In laser-induced plasma, the ambient gas can foster or diminish the plasma expansion. The pressure and type of gases also influences the post-breakdown phenomena. For example, at low pressures, the losses and uniformity of the plasma energy distribution increases [1
]. Plasma size, propagation speed and emission properties are also related to the ambient gas into which the plasma expands. The physical cause of the high-speed expansion is the large pressure difference between the plasma and its surrounding environment.
This work investigates the expansion dynamics of plasma in hydrogen gas at a pressure that is slightly above 105
Pa. The study of the plasma expansion is applicable for astrophysical, engineering and scientific research as well as other various applications [2
]. The astrophysical interests include the interpretation of white dwarf photosphere absorption spectra by simulating the conditions of these selected stars in laboratory settings [2
] and by exploring laser-induced plasma [4
] with time-resolved laser spectroscopy. The motivation behind this engineering and scientific research [5
] extends to the measurement of phenomena that occur at hypersonic speeds to re-entry speeds that are in the Mach number range of 5–25 or above.
During the plasma expansion, the spatial and temporal variations of density, temperature and pressure are observed. Investigations of these spatial and temporal profiles allow us to infer the expansion speeds. Plasma at elevated temperatures and pressures expands at a high velocity and causes a shock wave that propagates into the outward direction. As the incident laser beam is focused at a point above the breakdown threshold irradiance, the breakdown occurs at a location before the pulse reaches its focal point [6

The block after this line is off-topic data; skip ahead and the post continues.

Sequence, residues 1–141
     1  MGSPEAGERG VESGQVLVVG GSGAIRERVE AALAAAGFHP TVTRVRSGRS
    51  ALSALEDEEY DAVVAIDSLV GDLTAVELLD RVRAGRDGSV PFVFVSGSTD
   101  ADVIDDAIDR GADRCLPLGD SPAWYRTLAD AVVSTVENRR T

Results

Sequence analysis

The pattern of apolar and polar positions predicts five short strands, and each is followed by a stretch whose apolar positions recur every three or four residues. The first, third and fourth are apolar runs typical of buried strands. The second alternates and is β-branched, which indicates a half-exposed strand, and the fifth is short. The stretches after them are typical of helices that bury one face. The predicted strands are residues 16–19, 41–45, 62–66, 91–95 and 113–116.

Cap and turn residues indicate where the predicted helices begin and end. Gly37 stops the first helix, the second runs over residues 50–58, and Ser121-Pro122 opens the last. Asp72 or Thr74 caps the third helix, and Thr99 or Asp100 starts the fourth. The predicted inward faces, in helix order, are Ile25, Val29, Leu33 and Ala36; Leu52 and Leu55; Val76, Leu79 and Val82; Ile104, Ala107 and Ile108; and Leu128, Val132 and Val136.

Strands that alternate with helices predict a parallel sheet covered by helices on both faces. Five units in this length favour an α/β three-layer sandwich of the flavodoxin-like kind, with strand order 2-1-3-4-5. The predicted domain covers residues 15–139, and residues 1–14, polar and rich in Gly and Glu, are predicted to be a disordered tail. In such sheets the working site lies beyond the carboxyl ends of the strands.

The interaction between the laser beam and the material is a complex process, which depends on many characteristics, such as laser parameters or target materials. Various factors affect this interaction, including the properties of the pulse, such as the pulse width, spatial and temporal fluctuation of the pulse, as well as the peak irradiance variations. For example, the effects of the pulse width on nascent laser-induced bubbles for underwater laser-induced breakdown spectroscopy (LIBS) show that a long pulse causes well-defined spectra with clear lines. In turn, a short pulse usually causes considerably asymmetric or deformed spectra. However, this effect is more significant for a solid target material than for a gaseous target material [7
]. Moreover, the images of laser-induced breakdown plasma in air [8
] nicely illustrate expansion dynamics.
The experimental results in air, which were obtained using a Nd:YAG laser at the wavelength of 532 nm and the pulse width of 6.5 ns [8
], show two distinct regions with higher intensity towards the laser propagation direction for time delays of 25 ns to 10 µs. Schlieren images of laser-induced plasma generated in air at the standard ambient temperature and pressure also show plasma jet propagation towards the laser for time delays of 1–20 µs [9
]. However, the jet propagation direction depends on the type of gas, the gas pressure, the ratio of energy absorbed in the plasma and the threshold irradiance for the occurrence of optical breakdown [9
This section elaborates on the determination of the expansion speed of the micro-plasma, which was generated in the ultra-high-pure hydrogen gas inside a cell. Experimental results show high plasma expansion speeds that decreased from 100 to 10 km/s at early time delays of 10 ns to 35 ns.
displays the recorded Hα
plasma spectra at early time delays of 10 ns to 35 ns, which were measured at 5-ns time intervals. The 2-dimensional spectra of slit-height versus wavelength are significantly Stark-broadened and Stark-shifted at early time delays. The measured intensity increases for successive time delays. However, the area and line-width of the spectral profiles decrease continuously, which implies decreasing electron density. Based on the recorded Hα
plasma spectra at early time delays as displayed in Figure 1